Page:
His main hope, he says, is that the young military veterans at Drexel Hamilton will build prosperous careers whether at his firm or elsewhere and extend similar opportunities to other veterans. "If we stop supporting them, I honestly believe they're going to stop volunteering," Doll says.
Joseph Krulder, who was serving in the Army's 101st Airborne Division when it invaded Iraq in 2003, heard about Drexel Hamilton from someone at a VA office in New York. A father of four, he had left the service in 2004 with physical injuries and post-traumatic stress disorder, and had come home to the East Coast to find employment after losing his job as a plant manager in California.
At Drexel Hamilton, Krulder has been assigned to Weber's institutional depositories group and is studying for the Series 7, 63 and 79 securities licensing exams. He loves the work, he says, but the test-taking sometimes bring out his anxieties.
RECOVERING FROM THE EMOTIONAL EFFECTS of war is not a linear process. There can be significant progress, but also plateaus and setbacks. There can be struggles in relationships at home, difficulty concentrating, instances where what Doll calls "tough love" is needed at the office. That's when Cahill might step in to recommend a head-clearing stroll on the nearby waterfront with its views of the Statue of Liberty; other times, he engages in intensely personal discussions about loss and suffering and moving on.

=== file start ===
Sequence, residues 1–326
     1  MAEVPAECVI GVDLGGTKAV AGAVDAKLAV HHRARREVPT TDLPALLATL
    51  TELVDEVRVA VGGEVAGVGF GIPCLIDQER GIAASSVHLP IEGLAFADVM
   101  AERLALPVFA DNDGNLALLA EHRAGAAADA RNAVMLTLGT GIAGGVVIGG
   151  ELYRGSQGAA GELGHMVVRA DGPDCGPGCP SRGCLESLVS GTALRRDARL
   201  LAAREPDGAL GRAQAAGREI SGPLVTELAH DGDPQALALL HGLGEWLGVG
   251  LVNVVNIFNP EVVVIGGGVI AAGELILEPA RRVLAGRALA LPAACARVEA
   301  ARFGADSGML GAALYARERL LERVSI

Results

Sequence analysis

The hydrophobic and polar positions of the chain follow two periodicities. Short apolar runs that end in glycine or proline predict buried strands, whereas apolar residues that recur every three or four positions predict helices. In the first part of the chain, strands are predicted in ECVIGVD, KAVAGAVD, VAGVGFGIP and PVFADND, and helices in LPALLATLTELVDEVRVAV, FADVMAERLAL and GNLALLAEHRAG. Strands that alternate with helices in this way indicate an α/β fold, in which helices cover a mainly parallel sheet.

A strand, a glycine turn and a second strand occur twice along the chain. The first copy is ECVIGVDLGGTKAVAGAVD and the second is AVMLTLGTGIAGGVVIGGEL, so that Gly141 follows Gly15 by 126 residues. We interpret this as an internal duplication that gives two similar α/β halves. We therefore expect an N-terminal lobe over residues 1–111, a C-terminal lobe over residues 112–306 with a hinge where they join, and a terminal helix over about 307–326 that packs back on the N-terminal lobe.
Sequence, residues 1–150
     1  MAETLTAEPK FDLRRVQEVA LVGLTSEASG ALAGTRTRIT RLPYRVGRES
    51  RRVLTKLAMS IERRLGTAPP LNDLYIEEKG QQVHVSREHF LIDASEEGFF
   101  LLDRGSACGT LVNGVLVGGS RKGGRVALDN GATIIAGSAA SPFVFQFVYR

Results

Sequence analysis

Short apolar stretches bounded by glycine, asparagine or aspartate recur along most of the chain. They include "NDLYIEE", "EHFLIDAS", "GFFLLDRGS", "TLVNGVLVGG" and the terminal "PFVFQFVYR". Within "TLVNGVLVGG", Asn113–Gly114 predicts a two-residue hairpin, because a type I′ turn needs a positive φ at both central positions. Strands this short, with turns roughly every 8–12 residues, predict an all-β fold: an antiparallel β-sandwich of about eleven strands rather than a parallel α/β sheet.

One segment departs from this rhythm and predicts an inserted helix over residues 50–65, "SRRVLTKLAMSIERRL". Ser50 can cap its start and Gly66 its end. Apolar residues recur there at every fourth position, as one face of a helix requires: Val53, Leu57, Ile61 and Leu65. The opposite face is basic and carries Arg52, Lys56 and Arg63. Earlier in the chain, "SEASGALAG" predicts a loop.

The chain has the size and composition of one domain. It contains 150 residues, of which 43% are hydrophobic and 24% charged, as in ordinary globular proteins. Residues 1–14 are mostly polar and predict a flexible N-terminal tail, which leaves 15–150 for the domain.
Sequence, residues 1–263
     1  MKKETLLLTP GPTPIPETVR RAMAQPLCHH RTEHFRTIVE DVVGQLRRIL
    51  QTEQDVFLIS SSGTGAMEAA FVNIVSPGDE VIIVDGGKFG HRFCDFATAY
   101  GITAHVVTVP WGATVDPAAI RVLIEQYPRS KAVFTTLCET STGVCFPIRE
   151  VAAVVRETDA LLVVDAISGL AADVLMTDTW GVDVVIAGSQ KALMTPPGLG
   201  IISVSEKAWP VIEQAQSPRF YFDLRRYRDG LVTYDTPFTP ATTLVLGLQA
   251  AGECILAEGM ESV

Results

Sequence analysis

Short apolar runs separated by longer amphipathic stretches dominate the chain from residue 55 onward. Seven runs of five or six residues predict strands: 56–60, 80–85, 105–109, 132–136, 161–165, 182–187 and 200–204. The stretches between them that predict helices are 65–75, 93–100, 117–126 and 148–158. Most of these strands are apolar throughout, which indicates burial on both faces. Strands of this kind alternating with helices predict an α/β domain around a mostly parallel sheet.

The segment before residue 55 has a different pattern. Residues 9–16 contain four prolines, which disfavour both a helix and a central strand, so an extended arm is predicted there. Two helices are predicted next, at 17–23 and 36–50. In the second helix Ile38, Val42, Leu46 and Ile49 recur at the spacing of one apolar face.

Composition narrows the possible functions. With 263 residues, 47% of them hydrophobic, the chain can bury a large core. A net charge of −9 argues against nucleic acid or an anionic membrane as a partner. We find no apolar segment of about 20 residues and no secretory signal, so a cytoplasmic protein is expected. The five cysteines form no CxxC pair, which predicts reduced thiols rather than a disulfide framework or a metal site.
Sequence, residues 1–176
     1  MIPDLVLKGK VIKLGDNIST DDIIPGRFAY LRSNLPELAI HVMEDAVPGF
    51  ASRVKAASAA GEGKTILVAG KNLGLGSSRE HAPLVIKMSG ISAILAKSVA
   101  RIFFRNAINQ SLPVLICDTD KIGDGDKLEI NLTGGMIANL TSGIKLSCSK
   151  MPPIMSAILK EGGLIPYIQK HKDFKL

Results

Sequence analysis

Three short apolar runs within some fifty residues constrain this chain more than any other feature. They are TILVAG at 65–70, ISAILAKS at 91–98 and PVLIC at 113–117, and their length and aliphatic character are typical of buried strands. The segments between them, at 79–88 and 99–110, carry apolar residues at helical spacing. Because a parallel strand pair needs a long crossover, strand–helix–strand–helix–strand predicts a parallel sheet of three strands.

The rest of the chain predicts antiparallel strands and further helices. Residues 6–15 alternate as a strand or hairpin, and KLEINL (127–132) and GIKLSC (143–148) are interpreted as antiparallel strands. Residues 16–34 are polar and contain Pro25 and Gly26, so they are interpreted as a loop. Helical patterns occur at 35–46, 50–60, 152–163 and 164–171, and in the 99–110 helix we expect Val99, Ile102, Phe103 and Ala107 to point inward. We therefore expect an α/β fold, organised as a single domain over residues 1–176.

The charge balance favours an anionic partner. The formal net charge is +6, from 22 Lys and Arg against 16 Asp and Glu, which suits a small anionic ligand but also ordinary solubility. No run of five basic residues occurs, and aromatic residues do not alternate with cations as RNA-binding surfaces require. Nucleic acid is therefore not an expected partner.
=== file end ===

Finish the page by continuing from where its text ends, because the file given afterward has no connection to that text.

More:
"I tell Jimmy it's like Boys Town and he's Father Flanagan," Doll says plainly, without a hint of humor or exaggeration.
It's not just the military veterans who rely on Cahill's advice. According to Doll, the firm's Wall Street veterans also routinely look to Cahill for guidance, be it about the markets, the clients or anything else.
"He never wants it to be about him," Doll says, "but when there's a serious question, they all come to Jimmy."
The young veterans on Drexel Hamilton's small trading floor have helped create an environment with a diverse mix of ethnicities, education levels and socioeconomic status. They are Latino, black, white, male, female. Some are the children of immigrants. Some have children themselves. They may have gone to West Point, they may have multiple masters' degrees or they still may be collecting undergraduate credits at a local school like Fordham. Many of them did not grow up in families of means.
The result is an atmosphere in many ways reminiscent of the environment Cahill encountered when he landed at Salomon Brothers in the 1970s. The firm was known for frequently eschewing the preference for Ivy League refinement common among many of its competitors and accepted bootstrappers so long as they performed.
While running sales teams in the bank group there, Cahill absorbed lessons about markets, and about client services, from Salomon's famous economist, Henry Kaufman. Known as Dr. Doom for his Cassandra-like predictions, Kaufman always seemed able to boil down a complicated bank balance sheet to a single sheet of paper, Cahill says.
"I used to have lunch with Henry once a week with a bank president, and Henry would know everything about the bank before we even sat down," he says.